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Monday, November 1, 1999 Published at 02:26 GMT


Prince dogged by hunt issue

The Queen awards the Royal Charter to the Prince's Trust

Tony Blair has met the Prince of Wales amid growing controversy over Prince William's attendance at a fox-hunt at the weekend.

Fox hunting
The League Against Cruel Sports accused the prince of trying to "intimidate" parliament into shelving a ban on fox-hunting.

MP Mike Foster, who sponsored a failed Private Member's Bill to ban fox-hunting, told the BBC: "It's not a matter of whether it's a legal activity. It's a matter of the lead that someone very public like the Prince of Wales shows.

[ image: Prince William at the hunt on Saturday]
Prince William at the hunt on Saturday
"He's gone against the grain of British public opinion."

But the editor of Horse and Hound magazine, Arnold Garvey, called his comments emotional rhetoric.

"Prince Charles has got the freedom to go hunting, his son wants to go hunting, and why shouldn't he?" said Mr Garvey.

"He's a countryman and he really knows the issues."

Royal Charter

The issue is overshadowing what should be a day of celebration for the prince.

The BBC's Nicholas Witchell: "We've seen a rather rare connection"
The Prince's Trust has been honoured with a Royal Charter from the Queen in a rare live broadcast from Buckingham Palace.

Monday night's presentation to the Prince of Wales, who set up the trust in 1976, was broadcast on BBC television and BBC Radio 5 Live.

In a warm personal tribute, the Queen told her son: "I would like to take this opportunity to say to you, Charles, how proud I am of everything you have accomplished with the Trust and the way you, personally, have inspired this organisation."

In reply, the Prince thanked his mother for the honour, adding how proud he was "of every one out of the more than 400,000 whom the Trust has helped".

Watch the speeches by the Queen and Prince Charles
Mr Blair, footballer Ian Wright and singer Joan Armatrading are among the 500 guests, including politicians, sponsors and young people helped by the trust.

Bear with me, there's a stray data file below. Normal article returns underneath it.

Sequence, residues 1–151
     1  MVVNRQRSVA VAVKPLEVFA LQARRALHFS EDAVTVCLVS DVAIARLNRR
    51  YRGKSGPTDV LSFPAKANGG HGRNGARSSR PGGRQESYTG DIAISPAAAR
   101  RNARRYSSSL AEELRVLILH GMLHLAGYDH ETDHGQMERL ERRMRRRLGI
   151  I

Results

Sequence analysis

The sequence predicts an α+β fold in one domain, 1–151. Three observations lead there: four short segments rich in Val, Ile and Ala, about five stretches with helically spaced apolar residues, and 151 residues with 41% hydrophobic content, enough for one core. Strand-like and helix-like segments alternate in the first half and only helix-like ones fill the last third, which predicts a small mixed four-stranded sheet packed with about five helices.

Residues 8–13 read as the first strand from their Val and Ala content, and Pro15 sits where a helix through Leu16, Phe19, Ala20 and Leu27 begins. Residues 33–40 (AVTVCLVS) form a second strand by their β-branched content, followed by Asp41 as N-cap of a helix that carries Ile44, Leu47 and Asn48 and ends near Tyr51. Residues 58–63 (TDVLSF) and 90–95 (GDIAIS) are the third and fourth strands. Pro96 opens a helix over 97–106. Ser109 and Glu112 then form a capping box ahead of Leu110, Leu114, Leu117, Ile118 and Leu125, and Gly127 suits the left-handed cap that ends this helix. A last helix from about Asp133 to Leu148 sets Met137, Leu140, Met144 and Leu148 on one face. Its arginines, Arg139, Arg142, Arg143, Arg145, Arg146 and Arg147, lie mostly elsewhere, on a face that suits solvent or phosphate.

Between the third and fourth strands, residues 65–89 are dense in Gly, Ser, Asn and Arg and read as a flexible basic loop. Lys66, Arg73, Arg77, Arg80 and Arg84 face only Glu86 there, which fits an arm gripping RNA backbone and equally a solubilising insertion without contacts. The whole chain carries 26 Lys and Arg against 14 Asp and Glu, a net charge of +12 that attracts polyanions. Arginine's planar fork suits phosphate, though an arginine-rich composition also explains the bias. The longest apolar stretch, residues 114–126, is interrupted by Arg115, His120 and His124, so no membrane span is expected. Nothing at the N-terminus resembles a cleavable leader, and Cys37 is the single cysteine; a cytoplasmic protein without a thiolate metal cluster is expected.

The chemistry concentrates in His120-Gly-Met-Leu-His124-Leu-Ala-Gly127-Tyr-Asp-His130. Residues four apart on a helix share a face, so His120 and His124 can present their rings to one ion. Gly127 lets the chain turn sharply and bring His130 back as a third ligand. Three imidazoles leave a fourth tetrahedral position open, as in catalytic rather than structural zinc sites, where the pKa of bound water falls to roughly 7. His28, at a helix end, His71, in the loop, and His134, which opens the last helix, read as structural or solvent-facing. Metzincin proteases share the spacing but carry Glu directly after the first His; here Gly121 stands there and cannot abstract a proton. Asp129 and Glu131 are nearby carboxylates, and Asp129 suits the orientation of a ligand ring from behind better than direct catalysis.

The Royal Charter is being awarded in recognition of the trust's work in helping young people develop confidence, gain skills and find work.

The evening ceremony is being co-hosted by David Akinsanya, who spent time in prison but became a BBC producer after being helped by the trust. It enabled him to start his career with a typewriter and a filing cabinet.

Tom Shebbeare talks to the BBC Radio 4's Today programme
Earlier the Queen visited a training project run by the Prince's Trust.

She met co-ordinators, workers and future residents of the scheme on a housing estate in Notting Hill, west London.

"I was struck by the enthusiasm, commitment and hope of the young people working on the housing project and also by how the Prince's Trust was helping to change their lives for the better," she said.

Trust chief executive Tom Shebbeare said the charter would show that the organisation was a long-term project, as charters are reserved for bodies that can demonstrate pre-eminence and permanence.

"It won't make any practical difference to the way we do business, but it will allow us to plan for the long term," he said.

The trust hopes to help a further 30,000 people start their own business in the next five years.

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30 Oct 99 | UK
Prince Charles takes sons hunting

01 Nov 99 | Fox hunting
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